Prior to demolition in 1969, this window from behind the church’s altar (as seen in this photograph) was given to the Valentine Museum.

The American Great Depression (1929-1939) hit Richmond’s African-American community hard, as black unemployment rose, membership in clubs, churches, and other organizations declined. Many African-American personal relationships were impacted as families broke apart and members left the city to seek new opportunities elsewhere.

Very little is documented about Joseph and his wife, Elisha. The couple worked for the Mayo family and lived in the former slave houses behind the Mayo’s Linden Row home at 104 East Franklin Street, Richmond, Virginia. These Depression era oil portraits were painted by their employer, local artist Isabel Jones Mayo.

"There was an Old Woman Who Lived in a Shoe" is a popular English nursery rhyme. There remains debate as to its meaning and origin. One meaning that is clear is that caring for a large family can be stressful for mothers in any age or culture.

Prior to reliable birth control, most Richmond women could expect to have an annual pregnancy during their fertile years.

The most common version of the rhyme is:

There was an old woman who lived in a shoe.
She had so many children, she didn't know what to do;
She gave them some broth without any bread;
Then whipped them all soundly and put them to bed.

Naive artist Ruth Clide Proffitt’s artwork depicts warm family scenes that in fact were in stark contrast to her family’s reality.

Born outside of Richmond, Virginia, into a rural family of slender means, few would have foreseen an artist’s life for Ruth. The sudden death of her mother in 1915 found the five-yearold Ruth raising her two older brothers while seeing her younger siblings sent away to live with other relatives.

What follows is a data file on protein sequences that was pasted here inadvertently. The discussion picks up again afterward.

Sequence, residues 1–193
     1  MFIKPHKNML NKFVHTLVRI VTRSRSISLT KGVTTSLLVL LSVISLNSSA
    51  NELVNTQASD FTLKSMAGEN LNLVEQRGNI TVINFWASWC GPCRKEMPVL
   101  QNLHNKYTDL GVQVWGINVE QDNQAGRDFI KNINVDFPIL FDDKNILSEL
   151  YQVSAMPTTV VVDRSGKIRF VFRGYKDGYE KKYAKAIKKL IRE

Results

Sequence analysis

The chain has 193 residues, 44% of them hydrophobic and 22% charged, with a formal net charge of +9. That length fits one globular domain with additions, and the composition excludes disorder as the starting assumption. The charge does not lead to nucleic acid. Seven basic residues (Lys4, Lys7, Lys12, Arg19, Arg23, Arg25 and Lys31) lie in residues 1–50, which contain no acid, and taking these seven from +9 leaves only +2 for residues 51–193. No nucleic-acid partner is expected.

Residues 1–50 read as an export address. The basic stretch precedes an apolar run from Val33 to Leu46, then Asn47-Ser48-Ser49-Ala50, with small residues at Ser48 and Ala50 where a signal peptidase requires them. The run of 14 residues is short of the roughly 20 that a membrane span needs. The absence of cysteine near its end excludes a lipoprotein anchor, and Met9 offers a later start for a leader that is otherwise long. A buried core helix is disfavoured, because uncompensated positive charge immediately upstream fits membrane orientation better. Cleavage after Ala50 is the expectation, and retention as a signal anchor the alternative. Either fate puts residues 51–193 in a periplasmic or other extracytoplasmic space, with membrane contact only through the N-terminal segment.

Impoverished, Proffitt sought out resources, including local museum visits, to learn how to paint. Her family struggles and sacrifices are not reflected in her works, which show instead idyllic scenes such as this family gathering at her home in the Oregon Hill neighborhood.

In 2016, Style Weekly named the Ukrop family its 30th anniversary “Richmonders of the Year,” citing their active approach, cultural influence and longevity of work in Richmond. The Ukrop family includes Jim and Barbara Ukrop, as well as his brother and sister-in-law Bobby and Jayne, with all of their extended families.

Jim and Bobby Ukrop’s parents started Ukrop’s Super Markets in 1937. This café sign (above), inspired by Maurice Sendak’s 1963 children’s book Where The Wild Things Are, was donated to the museum after being removed from one of the company’s former stores. The family-owned business was an important part of the greater Richmond community and even past the 2010 sale of the business, the Ukrop family continues to lead and influence the quality of life in our city.

Cover story Abril, age six, is a Richmond child who loves to dance (ballet and flamenco are her favorites) and read stories about animals. After school, she is happiest spending time with her family, which includes two older brothers.

Founded in 2009, Richmond Family Magazine (RFM) is a free local family publication. Produced monthly, RFM is committed to inspiring healthy families.

Sponsored by Julia and Tunnicliff Fox Charitable Trust, Altria Group and Richmond Family Magazine
Credits: Story

SPONSORED BY
Julia and Tunnicliff Fox Charitable Trust
Altria
Richmond Family Magazine


EXHIBITION PROJECT TEAM

MEDIA
Dana Ollestad

with special thanks to Tyler Kirby of Departure Point
James Mattise

LABEL DESIGN
Elizabeth Anne Enright

LABEL FABRICATION
Image 360 RVA

EXHIBITION FABRICATION AND INSTALLATION
Custom Art Installations

PHOTOGRAPHY
Terry Brown

CURATOR
David B. Voelkel
The Elise B. Wright Curator of the General Collection

WITH THANKS TO
The board and staff of the Valentine

SPECIAL THANKS TO
Michael Lease and Kimberly Wolf and their project
Battery Park Stories: Reflections of Our Neighborhood

Credits: All media
The story featured may in some cases have been created by an independent third party and may not always represent the views of the institutions, listed below, who have supplied the content.